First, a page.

Quote Originally Posted by Stargazer
Again, I may be wrong in detail here but I think after the war the Norwegian Navy was interested in data the Nazis had accumulated on how to improve safety conditions aboard ship. The data, horrifyingly, included experiments on prisoners in concentration camps to see how long people take to drown.

It was thought to be highly useful information, which would possibly help to save many lives, but the decision was made not to use it. I suppose you could argue both ways - on the one hand, make something positive out of the terrible experiences of those people. On the other hand (my feeling is this was probably right in this particular case)- the information is too awful to handle.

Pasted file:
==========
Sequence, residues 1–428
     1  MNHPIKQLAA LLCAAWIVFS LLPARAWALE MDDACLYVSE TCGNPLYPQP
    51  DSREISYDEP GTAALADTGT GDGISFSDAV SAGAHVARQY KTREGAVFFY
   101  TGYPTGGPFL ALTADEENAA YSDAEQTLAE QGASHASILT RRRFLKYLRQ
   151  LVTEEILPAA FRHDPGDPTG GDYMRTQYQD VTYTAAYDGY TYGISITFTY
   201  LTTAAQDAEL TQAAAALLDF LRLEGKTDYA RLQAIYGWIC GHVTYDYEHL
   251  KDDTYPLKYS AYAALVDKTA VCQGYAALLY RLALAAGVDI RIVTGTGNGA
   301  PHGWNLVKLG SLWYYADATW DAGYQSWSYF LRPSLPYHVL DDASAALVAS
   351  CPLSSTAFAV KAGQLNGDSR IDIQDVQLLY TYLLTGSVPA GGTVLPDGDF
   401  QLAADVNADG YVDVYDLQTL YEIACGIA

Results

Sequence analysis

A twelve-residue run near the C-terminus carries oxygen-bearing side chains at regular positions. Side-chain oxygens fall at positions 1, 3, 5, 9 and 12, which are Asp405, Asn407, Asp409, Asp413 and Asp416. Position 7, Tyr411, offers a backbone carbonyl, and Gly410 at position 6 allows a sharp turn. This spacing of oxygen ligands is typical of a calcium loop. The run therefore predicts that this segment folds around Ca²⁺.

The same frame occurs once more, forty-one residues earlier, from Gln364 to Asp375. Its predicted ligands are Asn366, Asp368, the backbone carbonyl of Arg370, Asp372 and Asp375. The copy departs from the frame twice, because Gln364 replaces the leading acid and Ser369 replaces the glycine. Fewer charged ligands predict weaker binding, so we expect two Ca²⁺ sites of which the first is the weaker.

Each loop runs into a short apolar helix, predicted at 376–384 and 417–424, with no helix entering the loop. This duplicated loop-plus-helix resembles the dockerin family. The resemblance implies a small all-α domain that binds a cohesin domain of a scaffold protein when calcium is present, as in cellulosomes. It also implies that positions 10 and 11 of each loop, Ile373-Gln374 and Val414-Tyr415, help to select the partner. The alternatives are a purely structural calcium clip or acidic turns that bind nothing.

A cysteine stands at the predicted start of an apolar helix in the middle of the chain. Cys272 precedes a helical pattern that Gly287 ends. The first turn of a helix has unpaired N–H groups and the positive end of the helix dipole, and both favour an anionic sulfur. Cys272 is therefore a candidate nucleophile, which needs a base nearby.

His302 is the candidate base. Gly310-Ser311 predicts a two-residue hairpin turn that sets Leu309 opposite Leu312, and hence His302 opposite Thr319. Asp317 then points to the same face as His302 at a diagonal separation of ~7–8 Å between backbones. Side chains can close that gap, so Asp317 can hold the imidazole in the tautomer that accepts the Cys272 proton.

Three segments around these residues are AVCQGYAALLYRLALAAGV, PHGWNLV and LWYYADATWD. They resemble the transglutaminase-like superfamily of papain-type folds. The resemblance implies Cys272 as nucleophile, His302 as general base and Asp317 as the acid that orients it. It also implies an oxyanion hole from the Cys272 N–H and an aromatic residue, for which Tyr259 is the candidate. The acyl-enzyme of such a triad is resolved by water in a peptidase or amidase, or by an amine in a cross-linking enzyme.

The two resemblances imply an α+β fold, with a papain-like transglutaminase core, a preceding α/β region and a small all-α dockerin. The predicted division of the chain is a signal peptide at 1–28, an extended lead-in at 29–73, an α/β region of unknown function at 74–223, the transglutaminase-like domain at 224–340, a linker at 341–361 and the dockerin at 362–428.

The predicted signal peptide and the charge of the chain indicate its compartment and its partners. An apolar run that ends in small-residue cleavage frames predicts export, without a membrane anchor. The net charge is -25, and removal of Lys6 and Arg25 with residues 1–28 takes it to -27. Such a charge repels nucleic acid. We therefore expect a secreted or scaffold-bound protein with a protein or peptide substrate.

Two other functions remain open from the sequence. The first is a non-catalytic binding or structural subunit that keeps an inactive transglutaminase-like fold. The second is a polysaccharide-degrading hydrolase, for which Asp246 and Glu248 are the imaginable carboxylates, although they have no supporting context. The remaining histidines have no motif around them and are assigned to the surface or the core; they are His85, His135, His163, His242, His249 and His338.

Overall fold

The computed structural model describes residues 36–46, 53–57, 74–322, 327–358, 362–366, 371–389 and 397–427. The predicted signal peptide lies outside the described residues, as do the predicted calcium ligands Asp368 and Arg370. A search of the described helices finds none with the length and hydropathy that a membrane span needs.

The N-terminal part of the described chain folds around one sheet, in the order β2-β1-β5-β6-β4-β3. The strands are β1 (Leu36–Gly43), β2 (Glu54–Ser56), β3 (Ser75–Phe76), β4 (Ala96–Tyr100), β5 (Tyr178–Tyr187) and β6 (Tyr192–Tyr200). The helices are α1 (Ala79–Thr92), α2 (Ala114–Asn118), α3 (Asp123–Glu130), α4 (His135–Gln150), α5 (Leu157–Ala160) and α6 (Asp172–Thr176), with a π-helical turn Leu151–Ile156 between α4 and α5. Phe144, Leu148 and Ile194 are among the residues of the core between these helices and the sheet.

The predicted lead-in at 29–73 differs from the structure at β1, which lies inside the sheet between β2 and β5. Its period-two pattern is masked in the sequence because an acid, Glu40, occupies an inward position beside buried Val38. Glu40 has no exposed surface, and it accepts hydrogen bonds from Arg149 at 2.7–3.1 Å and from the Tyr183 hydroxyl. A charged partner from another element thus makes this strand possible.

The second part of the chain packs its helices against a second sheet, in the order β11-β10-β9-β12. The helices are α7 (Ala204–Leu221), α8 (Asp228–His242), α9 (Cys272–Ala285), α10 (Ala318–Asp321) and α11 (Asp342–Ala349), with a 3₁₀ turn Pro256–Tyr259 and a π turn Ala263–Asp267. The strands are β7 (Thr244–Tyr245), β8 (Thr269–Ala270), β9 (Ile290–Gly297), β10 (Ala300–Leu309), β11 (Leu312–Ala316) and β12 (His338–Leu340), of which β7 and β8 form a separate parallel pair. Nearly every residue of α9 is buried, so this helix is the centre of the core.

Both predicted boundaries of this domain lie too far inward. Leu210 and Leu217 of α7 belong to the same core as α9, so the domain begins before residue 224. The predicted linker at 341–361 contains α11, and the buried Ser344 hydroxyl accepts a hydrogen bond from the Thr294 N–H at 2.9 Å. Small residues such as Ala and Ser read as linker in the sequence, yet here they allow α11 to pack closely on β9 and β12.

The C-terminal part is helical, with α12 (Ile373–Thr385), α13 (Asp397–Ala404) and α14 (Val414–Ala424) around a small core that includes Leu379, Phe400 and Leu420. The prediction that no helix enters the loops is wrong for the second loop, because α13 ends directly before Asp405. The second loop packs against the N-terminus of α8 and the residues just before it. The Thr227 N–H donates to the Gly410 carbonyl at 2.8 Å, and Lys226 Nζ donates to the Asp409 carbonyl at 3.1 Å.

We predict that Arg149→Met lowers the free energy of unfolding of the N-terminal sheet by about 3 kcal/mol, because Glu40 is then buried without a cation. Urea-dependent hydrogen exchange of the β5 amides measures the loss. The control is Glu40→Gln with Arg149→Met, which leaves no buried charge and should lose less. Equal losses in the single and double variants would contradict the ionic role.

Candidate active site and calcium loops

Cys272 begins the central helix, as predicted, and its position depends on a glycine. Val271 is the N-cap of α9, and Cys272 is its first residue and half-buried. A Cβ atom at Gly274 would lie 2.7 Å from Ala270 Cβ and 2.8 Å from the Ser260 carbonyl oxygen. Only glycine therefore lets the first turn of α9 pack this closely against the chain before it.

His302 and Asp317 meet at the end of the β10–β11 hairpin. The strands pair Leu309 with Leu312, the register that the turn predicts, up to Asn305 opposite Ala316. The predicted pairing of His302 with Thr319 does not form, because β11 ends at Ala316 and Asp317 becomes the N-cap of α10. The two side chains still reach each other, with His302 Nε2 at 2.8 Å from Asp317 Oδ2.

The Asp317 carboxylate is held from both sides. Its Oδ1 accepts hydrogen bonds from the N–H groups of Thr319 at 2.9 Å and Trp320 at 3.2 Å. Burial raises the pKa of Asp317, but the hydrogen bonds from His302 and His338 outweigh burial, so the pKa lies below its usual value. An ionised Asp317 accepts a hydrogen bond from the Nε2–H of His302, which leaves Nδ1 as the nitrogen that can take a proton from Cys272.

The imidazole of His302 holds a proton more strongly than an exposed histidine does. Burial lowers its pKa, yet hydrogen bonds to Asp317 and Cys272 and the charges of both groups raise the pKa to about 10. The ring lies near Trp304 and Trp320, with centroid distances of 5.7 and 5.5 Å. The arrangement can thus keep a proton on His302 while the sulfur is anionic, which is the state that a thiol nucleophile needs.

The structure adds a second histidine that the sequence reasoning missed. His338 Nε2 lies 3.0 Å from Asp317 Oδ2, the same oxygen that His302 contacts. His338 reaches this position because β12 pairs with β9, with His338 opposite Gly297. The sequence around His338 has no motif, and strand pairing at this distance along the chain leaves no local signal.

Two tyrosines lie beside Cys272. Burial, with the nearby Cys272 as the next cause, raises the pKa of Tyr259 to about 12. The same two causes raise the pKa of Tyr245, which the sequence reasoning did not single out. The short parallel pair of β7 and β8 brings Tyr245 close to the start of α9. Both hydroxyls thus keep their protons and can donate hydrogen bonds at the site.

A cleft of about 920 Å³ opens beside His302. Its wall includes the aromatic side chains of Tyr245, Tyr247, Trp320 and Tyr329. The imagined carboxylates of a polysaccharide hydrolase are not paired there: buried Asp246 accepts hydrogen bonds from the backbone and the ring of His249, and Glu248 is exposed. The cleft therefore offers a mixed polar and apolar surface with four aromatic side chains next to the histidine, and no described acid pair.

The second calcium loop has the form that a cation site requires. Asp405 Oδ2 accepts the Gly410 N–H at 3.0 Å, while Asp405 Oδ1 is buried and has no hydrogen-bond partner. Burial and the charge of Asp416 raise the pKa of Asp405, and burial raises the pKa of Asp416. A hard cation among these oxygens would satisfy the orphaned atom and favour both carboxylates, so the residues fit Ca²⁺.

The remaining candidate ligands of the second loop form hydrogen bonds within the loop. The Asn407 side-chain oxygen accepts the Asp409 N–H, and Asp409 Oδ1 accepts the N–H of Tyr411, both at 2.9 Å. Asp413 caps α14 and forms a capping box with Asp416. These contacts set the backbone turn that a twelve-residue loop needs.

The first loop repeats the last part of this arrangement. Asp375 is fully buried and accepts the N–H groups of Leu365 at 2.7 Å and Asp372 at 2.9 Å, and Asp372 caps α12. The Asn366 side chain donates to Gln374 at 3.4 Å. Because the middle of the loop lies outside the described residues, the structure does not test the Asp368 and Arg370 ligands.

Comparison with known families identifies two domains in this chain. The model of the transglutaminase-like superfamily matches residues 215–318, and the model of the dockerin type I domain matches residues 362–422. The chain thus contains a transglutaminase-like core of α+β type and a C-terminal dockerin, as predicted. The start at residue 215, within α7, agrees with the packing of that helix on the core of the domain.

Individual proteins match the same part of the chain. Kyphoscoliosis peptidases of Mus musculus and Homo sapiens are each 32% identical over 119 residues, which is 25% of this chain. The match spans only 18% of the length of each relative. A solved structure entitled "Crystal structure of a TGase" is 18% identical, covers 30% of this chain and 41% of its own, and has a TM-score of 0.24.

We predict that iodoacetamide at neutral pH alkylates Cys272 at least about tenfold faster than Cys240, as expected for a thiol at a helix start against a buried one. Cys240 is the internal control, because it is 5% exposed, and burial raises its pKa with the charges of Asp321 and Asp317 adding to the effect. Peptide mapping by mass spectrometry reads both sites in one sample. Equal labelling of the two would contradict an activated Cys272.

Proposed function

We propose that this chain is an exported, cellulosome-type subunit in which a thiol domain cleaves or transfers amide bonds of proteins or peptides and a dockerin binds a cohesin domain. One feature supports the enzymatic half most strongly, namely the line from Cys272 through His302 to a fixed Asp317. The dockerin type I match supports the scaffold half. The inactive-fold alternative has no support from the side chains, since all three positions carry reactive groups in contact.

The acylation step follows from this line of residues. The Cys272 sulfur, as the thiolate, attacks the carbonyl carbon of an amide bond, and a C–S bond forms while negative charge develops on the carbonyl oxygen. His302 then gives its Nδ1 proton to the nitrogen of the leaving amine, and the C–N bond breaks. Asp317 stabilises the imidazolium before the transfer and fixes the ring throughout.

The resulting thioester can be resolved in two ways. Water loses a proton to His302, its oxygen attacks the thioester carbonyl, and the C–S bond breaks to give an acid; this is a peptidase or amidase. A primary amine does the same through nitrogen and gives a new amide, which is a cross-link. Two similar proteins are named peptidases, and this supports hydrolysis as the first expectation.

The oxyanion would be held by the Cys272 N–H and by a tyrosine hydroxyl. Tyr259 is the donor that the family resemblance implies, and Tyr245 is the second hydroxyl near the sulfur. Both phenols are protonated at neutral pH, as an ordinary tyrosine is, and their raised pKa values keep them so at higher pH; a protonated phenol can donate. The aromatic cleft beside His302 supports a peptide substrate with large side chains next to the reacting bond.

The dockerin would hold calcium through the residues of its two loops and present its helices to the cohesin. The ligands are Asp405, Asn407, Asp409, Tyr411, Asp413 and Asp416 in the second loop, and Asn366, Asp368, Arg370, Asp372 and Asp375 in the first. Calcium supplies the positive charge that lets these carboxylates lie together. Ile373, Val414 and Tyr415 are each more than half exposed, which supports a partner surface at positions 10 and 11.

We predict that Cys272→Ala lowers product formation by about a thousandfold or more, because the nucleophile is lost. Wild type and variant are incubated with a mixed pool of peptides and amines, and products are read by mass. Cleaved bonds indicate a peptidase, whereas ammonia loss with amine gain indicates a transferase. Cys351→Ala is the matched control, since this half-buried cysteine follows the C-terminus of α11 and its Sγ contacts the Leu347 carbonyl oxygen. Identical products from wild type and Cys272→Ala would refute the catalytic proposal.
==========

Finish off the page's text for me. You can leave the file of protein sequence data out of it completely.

I'm afraid your feeling is wrong. The reason the data were not used is that they were fundamentaly flawed - starved concentration camp prisoners are a lot more susceptible to hypothermia than healthy sailors. There was a quite heavy debate about the ethics at the time, but in general it was felt that if the data could be used, then at least the many deaths could save some lives.